One issue that can crop up is that SmartDNSProxy requires you to activate your current IP in order to use their service. This can get annoying fast if you live in Zimbabwe and your router is not on backup power. Each time it restarts you need to go into your SmartDNS Proxy dashboard and activate the service.

This can be automated but there is a trick to it. The SmartDNSProxy API uses https and the OpenWrt OpenSSL library is quite large. You can get around this by installing the curl package instead and setting up a cronjob to run regularly by polling your specific API URL found in the dashboard.



  1. Caasi

    Can you do something similar using HA Tunnel. There seems to be a Netflix option / server

    1. Garikai Dzoma

      If you are using VPN you can set up split tunnelling and only route Netflix traffic through the VPN. That would require work, knowledge and tears.

  2. Jojo

    Thanks for the article
    The following problems occur on my android TV when following steps.
    1, When I reject these routes in openwrt netflix doesnt even open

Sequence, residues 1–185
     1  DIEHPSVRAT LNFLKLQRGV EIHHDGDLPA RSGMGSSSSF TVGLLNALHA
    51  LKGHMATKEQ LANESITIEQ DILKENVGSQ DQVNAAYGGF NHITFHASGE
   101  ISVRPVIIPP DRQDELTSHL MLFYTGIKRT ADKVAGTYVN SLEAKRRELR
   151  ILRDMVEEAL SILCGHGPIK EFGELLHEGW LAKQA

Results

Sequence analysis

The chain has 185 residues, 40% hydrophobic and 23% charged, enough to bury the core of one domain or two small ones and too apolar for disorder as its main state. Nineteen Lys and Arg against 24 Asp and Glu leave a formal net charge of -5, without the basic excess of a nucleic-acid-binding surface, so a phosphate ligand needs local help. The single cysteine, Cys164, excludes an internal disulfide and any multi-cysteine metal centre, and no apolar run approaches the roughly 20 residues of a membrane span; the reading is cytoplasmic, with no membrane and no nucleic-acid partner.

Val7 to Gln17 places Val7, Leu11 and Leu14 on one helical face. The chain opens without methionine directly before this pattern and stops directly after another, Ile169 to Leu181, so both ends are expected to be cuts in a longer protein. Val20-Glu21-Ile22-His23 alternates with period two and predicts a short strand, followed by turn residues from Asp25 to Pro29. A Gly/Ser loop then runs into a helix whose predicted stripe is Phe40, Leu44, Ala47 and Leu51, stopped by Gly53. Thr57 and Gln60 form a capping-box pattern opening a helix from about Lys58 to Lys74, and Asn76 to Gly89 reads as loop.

2. Smartdns doesnt unblock netflix US anymore and only shows original titles since August

    1. Garikai Dzoma

      The best way to implement the rules is to start from the top as they are listed and to add them one after the other while testing to see if Netflix is still working. I ran into this trouble too but it turns out I didn’t need to block the last route. The Android TV app is really a pain as Android is really powerful and allows them to bake in counter meausuers in the app. I have noticed that WebOS and other SmartTV apps are less powerful. Sometimes you don’t even need static routing to by pass them.

  3. Happydude

    You are a bloody hero. Not even smartdns knows about this solution!